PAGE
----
Aromatherapy is the use of essential oils from plants to support and balance the mind, body and spirit. It is used by some patients with cancer mainly as a form of supportive care that may improve quality of life and reduce side effects of treatment. Aromatherapy may be combined with other complementary therapies like massage and acupuncture, as well as with conventional treatments for symptom management.
Essential oils (also known as volatile oils) are the basic materials of aromatherapy. They represent the fragrant essences found in many plants. These essences are made in special plant cells, often under the surface of leaves, bark or peel, using energy from the sun and elements from the air, soil and water. If the plant is crushed, the essence and its unique fragrance are released.
When essences are extracted from plants, they become essential oils. They may be distilled with steam and/or water, or mechanically pressed. Essential oils that are made by processes that modify their chemistry are not considered true essential oils.
When the oils interact with the other elements they can help patients with side effects and curb discomfort.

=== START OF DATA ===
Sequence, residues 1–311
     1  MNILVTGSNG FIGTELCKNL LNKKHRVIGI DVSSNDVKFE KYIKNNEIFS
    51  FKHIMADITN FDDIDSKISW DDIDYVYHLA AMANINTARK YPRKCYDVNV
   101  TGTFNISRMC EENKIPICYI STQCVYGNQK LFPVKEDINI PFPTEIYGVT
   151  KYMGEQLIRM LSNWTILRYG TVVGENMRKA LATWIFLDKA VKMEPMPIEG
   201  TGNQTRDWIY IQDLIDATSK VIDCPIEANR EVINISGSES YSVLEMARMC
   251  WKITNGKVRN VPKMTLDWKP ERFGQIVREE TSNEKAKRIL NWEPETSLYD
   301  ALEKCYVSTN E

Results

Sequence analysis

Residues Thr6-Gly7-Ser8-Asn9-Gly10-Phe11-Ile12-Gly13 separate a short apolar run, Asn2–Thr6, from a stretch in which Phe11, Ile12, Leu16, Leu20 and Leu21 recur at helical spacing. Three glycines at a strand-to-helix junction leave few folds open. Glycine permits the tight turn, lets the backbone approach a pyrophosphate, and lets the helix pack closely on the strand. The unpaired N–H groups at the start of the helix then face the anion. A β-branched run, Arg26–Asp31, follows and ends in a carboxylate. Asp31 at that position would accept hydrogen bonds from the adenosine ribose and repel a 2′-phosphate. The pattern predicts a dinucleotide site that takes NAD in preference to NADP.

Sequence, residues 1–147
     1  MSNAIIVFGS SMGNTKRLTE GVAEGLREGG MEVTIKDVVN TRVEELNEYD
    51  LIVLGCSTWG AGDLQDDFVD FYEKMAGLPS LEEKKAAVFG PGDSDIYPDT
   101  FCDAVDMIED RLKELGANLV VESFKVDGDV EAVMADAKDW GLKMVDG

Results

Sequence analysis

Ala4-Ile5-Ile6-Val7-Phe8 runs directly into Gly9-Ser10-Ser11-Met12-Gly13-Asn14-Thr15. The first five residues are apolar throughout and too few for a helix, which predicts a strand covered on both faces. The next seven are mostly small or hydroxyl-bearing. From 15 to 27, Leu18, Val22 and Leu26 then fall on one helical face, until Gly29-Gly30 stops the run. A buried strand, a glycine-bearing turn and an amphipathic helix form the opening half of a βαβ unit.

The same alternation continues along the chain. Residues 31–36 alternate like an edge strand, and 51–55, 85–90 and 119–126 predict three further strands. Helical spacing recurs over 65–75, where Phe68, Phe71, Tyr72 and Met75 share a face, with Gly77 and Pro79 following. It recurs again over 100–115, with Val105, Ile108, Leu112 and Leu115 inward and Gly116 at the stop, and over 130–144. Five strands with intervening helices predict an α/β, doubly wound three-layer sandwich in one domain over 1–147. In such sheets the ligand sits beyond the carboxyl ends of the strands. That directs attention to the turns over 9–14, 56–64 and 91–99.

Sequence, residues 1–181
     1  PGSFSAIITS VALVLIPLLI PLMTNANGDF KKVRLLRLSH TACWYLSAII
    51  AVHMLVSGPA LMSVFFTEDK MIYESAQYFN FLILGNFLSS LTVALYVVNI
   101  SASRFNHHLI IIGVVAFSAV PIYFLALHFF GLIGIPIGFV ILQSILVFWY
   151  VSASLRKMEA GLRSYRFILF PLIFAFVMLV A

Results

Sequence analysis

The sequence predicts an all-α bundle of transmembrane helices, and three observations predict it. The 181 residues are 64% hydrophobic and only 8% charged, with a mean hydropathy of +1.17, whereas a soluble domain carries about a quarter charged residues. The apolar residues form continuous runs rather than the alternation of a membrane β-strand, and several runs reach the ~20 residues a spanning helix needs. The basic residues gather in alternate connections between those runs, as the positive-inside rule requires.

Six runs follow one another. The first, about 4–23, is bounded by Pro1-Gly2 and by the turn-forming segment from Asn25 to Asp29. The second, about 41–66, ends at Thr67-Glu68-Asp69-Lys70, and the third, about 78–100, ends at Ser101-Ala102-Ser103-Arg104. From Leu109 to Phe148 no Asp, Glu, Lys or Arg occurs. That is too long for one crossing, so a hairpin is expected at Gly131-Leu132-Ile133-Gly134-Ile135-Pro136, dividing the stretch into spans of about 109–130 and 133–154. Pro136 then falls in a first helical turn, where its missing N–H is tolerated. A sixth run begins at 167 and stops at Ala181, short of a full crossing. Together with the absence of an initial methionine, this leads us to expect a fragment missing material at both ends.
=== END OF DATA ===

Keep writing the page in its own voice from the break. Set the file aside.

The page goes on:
More specifically, essential oils may be used if you're experiencing pain, nausea and vomiting, anxiety, insomnia or for smoking cessation. When inhaled, essential oils trigger the limbic system. When applied to the feet, the active elements in the oils are absorbed. Some patients have described a change almost immediately. While essential oils are very safe when used correctly, Gundersen does not use them for children under age 2 or women in the first two trimesters of pregnancy. Staff at our Integrative Medicine Center can talk with you about essential oils and what may work best for you.
Learn more about essential oils and how they can be used complementary to conventional cancer treatment.
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